Turkey tourism said it is sinking and authorities are selling dreams

Turkey's tourism has said it's sinking and the government is selling dreams

“While our government is selling us dreams, Turkey's tourism is actually sinking” Turkish tourism experts “from the field” an optimistic forecast, which was announced by the Minister of Treasury and Finance Nureddin Nebati. The government's dream is to keep the Turkish lira's rising exchange rate with “quick money” coming from tourism, but the picture they paint is far from the truth, Turkish experts say.

So far, according to data for February, Turkey has already received 2.8 million tourists. But this is 20% less than in 2020, in the last months before the pandemic. At the same time, a decline was recorded in several markets at once – this, as expected, is Russia and Ukraine, whose share was 27.3% of the total number of tourists in the “pandemic” years, and in 2019 – 19%. The second market that Turkey is massively losing, by the way, is domestic tourism – in a crisis, citizens do not plan to go on vacation. By the way, this can also affect the German market.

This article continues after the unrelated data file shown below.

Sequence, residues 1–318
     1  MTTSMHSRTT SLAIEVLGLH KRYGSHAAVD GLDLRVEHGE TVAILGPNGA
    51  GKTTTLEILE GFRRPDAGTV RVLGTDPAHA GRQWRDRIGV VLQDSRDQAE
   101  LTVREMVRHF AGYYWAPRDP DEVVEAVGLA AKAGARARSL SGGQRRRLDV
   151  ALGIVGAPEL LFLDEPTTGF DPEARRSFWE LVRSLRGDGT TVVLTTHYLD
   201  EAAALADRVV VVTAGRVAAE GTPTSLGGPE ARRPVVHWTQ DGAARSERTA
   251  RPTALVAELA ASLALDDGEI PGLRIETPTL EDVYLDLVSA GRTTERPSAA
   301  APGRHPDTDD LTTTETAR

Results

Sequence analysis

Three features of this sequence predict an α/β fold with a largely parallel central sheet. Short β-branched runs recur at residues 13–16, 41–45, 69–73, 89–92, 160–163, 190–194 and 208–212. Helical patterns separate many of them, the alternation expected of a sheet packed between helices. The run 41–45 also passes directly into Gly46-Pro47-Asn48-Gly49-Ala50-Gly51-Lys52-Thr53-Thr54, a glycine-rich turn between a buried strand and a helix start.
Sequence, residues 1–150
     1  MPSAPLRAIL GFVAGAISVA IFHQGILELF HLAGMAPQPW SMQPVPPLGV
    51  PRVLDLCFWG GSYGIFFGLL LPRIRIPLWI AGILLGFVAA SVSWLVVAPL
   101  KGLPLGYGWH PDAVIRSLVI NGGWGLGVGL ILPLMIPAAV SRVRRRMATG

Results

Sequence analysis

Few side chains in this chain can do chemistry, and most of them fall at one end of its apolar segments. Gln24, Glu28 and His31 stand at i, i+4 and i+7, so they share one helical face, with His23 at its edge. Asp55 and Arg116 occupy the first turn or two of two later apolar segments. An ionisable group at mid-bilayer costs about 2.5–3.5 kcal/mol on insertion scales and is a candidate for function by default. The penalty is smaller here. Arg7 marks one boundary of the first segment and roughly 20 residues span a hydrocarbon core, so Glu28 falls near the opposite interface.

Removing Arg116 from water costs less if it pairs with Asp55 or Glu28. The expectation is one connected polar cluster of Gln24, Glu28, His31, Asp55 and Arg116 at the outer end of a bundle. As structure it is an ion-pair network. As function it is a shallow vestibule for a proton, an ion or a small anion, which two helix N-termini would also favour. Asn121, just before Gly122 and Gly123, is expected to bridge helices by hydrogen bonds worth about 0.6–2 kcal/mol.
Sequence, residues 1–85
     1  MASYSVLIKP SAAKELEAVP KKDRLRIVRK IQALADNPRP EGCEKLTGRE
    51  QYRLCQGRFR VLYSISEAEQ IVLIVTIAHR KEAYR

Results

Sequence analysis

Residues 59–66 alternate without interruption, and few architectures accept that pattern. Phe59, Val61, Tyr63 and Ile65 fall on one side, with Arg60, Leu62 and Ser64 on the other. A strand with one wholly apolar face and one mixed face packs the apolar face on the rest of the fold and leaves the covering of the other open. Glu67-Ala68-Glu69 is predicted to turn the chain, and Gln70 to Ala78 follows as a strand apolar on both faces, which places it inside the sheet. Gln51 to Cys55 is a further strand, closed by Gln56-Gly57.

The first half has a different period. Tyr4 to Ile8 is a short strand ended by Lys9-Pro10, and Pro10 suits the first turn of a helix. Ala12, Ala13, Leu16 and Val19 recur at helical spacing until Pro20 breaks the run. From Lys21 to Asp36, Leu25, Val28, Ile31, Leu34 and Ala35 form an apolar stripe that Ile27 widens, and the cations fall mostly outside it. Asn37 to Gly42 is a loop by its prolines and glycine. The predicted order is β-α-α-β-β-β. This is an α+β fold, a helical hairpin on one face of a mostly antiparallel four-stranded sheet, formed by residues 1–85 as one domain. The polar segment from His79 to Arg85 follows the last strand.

Therefore, the optimistic forecast, which was voiced by the Minister of Treasury and Finance, Nureddin Nebati, aroused sharp criticism. Recall, he said literally the following: “I believe that we will exceed our goal of 45 million tourists and $ 35 billion in tourism revenue.” Read the details here.

According to Serdar Karcilyoglu, President of the Bodrum Association of Professional Hotel Managers (BOYD), the minister's optimism is based on the occupancy data of Istanbul's hotels – and is largely unfounded. “It is not correct to generalize the fullness of Istanbul to Turkey. Because the number of beds in Istanbul corresponds to 10 percent of the number of beds in Turkey. We cannot index it to Turkey by resort regions,” the expert emphasized. Alas, in the resorts the reality is much darker.

“Hoteliers carry a huge debt burden and can no longer use credit. Hotel owners owe $8 billion. To pay off the debt, hoteliers sell rooms at prices below their costs. There are hotels selling all inclusive for 200 TL. But even that is not enough,” he said. He also recalled that some hotels focused on the Russian market have not yet opened at all, and others have not yet exceeded 35% occupancy.

The local resorts are no better off. Köksal Yıldırım, a hotel operator in Seferihisar, told tourism media that only 30 were booked at his 150-bed hotel. “No activity as expected. The economic crisis in the country, of course, is the main reason. Tourists can't go on holiday, even though many hoteliers charge below cost to get some money. This is a 50% loss compared to the holiday season last year,” he said. The expert also supported the general position of the business: “We are going bankrupt and drowning while the authorities are selling dreams.”

For those who care about a healthy lifestyle, we recommend reading: “The Russians were told when you can get very fat from fruits.”

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